A while ago I was lent a copy of a book by Earl Doherty called Jesus: Neither God nor Man. Today I met up with the man who lent it to me, so that we could chat about it. It was an enjoyable chat, and I hope to continue to get together to talk further about such things.
My most fundamental problem with Doherty’s book – which attempts to present a comprehensive and scholarly case for the view that Jesus never existed – is that it is unsifted. It attempts to speak to scholars, and on behalf of “scholarship,” but without going through the normal rigours of scholarly refinement and review. And this means that, in paragraph after paragraph, there are unsubstantiated or outdated or fringe arguments that are being unashamedly presented as though they reflect academic consensus. These things would have been challenged and called into line if they had been subjected to academic process or peer review.
I am not being elitist in saying this – I have written some non-scholarly stuff myself, and have tremendous confidence that non-scholarly works can be serious and beneficial. But if one is attempting to argue a scholarly case in the hope that scholars will listen, then it makes sense to expose oneself to scholarly examination and review. This is tough, but it is designed to sift and refine a person’s work, using the wisdom and experience of scholarly peers. I was at a conference in Sydney yesterday and I spoke to one lecturer who said that in the six years it took him to complete his PhD, his supervisor only ever gave him two positive comments. Now that is harsh! But he said that it had the effect of forcing him to argue a much tighter case. In my own experience, my PhD involved exposing and defending my views to a supervisor, a secondary supervisor, conference attendees, examiners, manuscript reviewers, and others – who ensured that I couldn’t easily get away with sloppy arguments, outdated assumptions, and unsubstantiated claims (although, off course, my conclusions may still be wrong!).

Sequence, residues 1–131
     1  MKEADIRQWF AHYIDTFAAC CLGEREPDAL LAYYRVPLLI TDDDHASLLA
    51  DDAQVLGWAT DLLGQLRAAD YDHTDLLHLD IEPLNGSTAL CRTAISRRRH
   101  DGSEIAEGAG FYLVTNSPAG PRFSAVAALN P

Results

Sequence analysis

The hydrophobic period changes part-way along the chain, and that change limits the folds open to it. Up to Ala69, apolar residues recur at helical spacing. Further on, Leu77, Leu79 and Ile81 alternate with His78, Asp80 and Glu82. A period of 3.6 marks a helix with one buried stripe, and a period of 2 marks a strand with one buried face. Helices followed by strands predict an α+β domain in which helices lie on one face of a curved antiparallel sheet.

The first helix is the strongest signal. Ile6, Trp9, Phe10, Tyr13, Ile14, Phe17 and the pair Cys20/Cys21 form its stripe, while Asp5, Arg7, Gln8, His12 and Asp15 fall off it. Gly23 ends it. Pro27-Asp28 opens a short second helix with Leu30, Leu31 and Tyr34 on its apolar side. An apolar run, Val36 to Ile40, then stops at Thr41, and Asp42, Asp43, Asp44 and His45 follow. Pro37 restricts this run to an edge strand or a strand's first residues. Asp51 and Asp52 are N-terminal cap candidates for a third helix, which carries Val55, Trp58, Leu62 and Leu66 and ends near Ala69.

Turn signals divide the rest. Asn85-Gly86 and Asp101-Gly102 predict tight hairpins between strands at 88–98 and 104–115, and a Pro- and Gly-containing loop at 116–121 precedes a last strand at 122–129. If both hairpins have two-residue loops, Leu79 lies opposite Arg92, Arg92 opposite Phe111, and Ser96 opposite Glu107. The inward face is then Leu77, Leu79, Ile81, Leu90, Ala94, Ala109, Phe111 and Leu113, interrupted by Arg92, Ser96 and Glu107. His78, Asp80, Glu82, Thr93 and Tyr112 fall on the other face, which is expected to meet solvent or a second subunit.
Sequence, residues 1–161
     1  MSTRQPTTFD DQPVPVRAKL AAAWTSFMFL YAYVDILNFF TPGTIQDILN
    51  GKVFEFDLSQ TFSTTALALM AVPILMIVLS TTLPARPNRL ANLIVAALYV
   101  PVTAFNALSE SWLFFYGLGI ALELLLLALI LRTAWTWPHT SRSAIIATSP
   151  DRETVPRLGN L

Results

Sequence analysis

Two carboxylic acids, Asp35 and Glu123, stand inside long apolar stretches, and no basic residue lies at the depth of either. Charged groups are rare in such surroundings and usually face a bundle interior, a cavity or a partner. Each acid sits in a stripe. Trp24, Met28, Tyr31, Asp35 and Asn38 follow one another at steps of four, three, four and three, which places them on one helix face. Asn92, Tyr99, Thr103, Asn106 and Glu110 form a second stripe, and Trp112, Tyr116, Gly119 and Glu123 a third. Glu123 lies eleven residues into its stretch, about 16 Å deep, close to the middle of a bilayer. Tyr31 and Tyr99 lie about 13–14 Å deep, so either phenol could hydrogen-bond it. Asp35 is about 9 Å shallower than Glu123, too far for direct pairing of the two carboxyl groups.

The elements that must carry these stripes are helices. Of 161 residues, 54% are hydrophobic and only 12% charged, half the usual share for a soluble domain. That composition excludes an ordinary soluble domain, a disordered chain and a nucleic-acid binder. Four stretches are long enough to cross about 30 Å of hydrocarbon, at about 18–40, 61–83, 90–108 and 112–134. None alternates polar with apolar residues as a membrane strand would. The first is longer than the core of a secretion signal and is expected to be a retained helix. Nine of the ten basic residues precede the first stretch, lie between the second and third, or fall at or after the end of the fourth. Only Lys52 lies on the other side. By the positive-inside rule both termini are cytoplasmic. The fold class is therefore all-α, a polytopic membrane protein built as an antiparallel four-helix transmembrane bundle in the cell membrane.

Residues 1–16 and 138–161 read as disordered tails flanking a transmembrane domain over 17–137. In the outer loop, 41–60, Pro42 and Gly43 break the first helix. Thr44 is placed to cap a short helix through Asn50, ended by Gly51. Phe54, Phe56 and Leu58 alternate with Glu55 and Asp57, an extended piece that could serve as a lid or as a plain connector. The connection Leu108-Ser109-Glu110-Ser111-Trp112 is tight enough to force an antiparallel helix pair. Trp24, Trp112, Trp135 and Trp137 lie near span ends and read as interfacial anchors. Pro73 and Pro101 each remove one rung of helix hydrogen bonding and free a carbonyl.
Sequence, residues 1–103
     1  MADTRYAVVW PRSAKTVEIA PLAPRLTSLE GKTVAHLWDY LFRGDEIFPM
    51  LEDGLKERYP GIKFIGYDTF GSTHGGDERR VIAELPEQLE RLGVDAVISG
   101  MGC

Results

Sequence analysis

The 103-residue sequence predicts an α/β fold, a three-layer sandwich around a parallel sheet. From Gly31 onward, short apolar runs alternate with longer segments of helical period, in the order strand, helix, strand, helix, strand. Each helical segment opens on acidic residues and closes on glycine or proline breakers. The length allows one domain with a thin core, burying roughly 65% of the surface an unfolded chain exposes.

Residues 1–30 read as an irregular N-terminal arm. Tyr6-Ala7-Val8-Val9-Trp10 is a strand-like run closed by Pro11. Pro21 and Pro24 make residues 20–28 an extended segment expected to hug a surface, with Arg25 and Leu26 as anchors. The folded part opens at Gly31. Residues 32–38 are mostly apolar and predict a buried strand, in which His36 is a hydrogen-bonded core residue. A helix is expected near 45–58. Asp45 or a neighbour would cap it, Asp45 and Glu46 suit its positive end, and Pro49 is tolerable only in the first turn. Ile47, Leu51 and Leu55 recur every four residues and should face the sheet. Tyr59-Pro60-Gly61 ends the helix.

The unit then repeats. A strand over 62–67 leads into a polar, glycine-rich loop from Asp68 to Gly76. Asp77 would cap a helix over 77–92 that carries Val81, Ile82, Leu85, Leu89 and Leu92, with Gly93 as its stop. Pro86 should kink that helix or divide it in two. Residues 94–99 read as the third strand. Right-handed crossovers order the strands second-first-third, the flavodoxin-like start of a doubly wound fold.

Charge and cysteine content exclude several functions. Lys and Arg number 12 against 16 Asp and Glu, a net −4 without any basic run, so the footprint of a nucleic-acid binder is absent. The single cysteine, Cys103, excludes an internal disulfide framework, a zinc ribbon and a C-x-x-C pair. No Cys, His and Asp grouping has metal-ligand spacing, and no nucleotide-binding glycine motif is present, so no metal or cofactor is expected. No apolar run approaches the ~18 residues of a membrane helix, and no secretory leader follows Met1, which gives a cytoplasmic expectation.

So anyway, I agreed with my friend that Doherty was beginning with a number of genuinely useful observations and issues (e.g. Why is Paul relatively disinterested in the life of Jesus?); and my friend should feel free to read and evaluate Doherty’s attempt to account for these observations – but he should take it for what it is, an unsifted armchair exploration.